Building on these results, we’ll continue to run major national campaigns on key issues, while considering opportunities to help elect progressive candidates in future elections. And, given the overall support for a wide variety of campaigning, we’ll also consider testing more member-led petitions, and provincial- or municipal-level campaigns, especially on the issue priorities identified above.

When asked what types of actions people would like to take as part of the Leadnow campaigning community, the results showed a huge interest in participating in online campaigns (petitions, etc), with significant numbers of people also interested in amplifying messages on social media, attending local rallies and events, writing letters to the editor, donating and volunteering.

Leadnow’s campaign model relies on going wide — engaging massive numbers people through online campaigns — and going deep — engaging smaller numbers of highly-motivated people to take higher-barrier actions, such as joining local rallies or chipping in to help fund radio ad campaigns. These results suggest that our model continues to provide opportunities for engagement that align with how our membership wants to get involved.


Most people surveyed are relatively happy with how many emails they get from Leadnow, and we’ll keeps things roughly as they are. It’s worth noting that the survey came at a time when we were emailing less frequently than normal, and is also (by its nature) self-selecting of the more highly engaged people in our community. At key moments we sometimes send multiple emails in a week, and email overload is something we try to avoid.


Final Thoughts

We’re grateful for the input that thousands of Leadnow community members provided to shape our campaigns in this new direction.

The top-line message is clear: our members are optimistic about the new opportunities for progressive change that are possible with the new federal government, and want Leadnow to work to hold the government accountable to important campaign promises, from implementing the recommendations of the Truth and Reconciliation Commission, and holding an inquiry into missing and murdered indigenous women to welcoming thousands of refugees from Syria.

On other issues — from climate policy to amending, but not repealing, bill C-51 — our community wants us to push the government to do better. And our community wants us to push hard to stop other issues, such as the Trans-Pacific Partnership (TPP) investor deal.

We see part of our role as the Leadnow staff team to identify strategic opportunities when our community can have maximum leverage and impact by taking action together. Accordingly, we’ve identified three key opportunities for action on the Leadnow community’s priority issues coming up in early 2016, and we’re getting started developing major campaigns to roll out early in the new year to address issues that are both high-priority and urgent:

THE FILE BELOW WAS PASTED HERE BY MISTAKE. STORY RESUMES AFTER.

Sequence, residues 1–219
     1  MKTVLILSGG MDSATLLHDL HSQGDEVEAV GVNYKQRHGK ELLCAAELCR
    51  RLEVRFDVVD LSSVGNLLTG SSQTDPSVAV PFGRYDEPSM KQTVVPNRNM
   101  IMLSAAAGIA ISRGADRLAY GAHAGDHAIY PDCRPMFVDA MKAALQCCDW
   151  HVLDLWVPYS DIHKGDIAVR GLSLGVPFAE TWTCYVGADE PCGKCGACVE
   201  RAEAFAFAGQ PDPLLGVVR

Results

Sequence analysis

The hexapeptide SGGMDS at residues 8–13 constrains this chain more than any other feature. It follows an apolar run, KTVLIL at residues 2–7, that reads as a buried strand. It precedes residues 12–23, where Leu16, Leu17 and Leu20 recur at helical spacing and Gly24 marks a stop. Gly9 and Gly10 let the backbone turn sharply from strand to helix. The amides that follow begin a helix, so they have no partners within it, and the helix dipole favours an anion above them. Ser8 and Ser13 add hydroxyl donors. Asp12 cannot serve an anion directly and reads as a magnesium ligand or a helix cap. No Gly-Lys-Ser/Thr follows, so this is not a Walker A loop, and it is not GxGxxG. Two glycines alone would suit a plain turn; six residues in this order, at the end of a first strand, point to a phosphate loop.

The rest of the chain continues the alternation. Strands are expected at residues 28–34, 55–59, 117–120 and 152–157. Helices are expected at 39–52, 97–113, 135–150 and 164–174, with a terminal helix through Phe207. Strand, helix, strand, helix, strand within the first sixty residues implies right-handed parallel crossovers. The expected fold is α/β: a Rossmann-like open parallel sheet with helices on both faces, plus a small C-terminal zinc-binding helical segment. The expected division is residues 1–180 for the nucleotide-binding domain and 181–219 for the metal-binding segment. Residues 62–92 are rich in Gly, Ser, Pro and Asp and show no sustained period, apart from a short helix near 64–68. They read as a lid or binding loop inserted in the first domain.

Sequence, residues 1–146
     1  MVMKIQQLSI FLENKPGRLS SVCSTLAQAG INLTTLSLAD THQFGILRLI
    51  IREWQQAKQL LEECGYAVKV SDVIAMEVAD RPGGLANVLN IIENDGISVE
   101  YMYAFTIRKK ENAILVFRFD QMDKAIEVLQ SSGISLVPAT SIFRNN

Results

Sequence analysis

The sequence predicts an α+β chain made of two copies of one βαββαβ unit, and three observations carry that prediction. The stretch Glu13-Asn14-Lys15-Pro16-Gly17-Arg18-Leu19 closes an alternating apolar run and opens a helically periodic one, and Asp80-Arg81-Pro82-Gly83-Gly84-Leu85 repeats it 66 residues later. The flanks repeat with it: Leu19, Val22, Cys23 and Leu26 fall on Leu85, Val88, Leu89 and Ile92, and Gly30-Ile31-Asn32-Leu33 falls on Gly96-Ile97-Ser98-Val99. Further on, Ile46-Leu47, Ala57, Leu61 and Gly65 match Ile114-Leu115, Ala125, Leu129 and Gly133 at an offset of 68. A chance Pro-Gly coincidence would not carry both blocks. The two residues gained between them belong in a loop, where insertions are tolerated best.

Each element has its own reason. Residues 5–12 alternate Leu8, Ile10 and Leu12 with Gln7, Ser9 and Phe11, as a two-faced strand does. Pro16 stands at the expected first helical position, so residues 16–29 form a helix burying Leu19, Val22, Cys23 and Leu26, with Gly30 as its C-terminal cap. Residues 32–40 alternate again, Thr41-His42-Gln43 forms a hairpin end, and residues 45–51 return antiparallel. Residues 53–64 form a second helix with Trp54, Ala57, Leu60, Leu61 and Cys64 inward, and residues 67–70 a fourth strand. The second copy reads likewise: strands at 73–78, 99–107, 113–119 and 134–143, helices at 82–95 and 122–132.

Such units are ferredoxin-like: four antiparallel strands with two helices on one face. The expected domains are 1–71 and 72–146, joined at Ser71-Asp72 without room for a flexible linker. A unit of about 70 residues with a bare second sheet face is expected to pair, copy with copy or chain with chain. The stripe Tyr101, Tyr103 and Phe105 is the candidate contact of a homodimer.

• Push to replace our broken first-past-the-post election system with a more proportional system.
  • Stop the risky Trans-Pacific Partnership investor deal.
  • Push for ambitious action, including strong science-based targets and large investments in a green energy economy when Prime Minister Trudeau meets Canada’s Premiers to develop a climate plan.

As we get to work developing campaigns on these specific issues, we’ll watch for key moments of opportunity to make progress on other issues identified as priorities by our community — so we’re ready to launch hard-hitting campaigns right at the moment when our community can have the biggest impact.

When Harper was defeated, many of us breathed a sigh of relief, and we share our community’s optimism that this new political climate offers major opportunities to make lasting changes. But we also know that the new government will be under huge pressure from corporations and political insiders with a vested interest in blocking progressive change.

Because the Leadnow community is member-driven, and independent of any political party, we have an important and unique role to play in this new political context — holding the government accountable to follow through on their positive promises, pushing them to do better where they haven’t got it quite right, and standing up against them when they’ve got it wrong.

We’re excited to see what we can accomplish together.

None of Leadnow’s work would be possible with out the support of our amazing half-a-million-strong community. If you can, please chip in a few dollars to help power our work through 2016. Many hands make light work. Click here to donate today.

  1. Canadian Electoral Reform: Public Opinion on Possible Alternatives (Broadbent Institute / Abacaus Data). https://d3n8a8pro7vhmx.cloudfront.net/broadbent/pages/4770/attachments/original/1448994262/Canadian_Electoral_Reform_-_Report.pdf?1448994262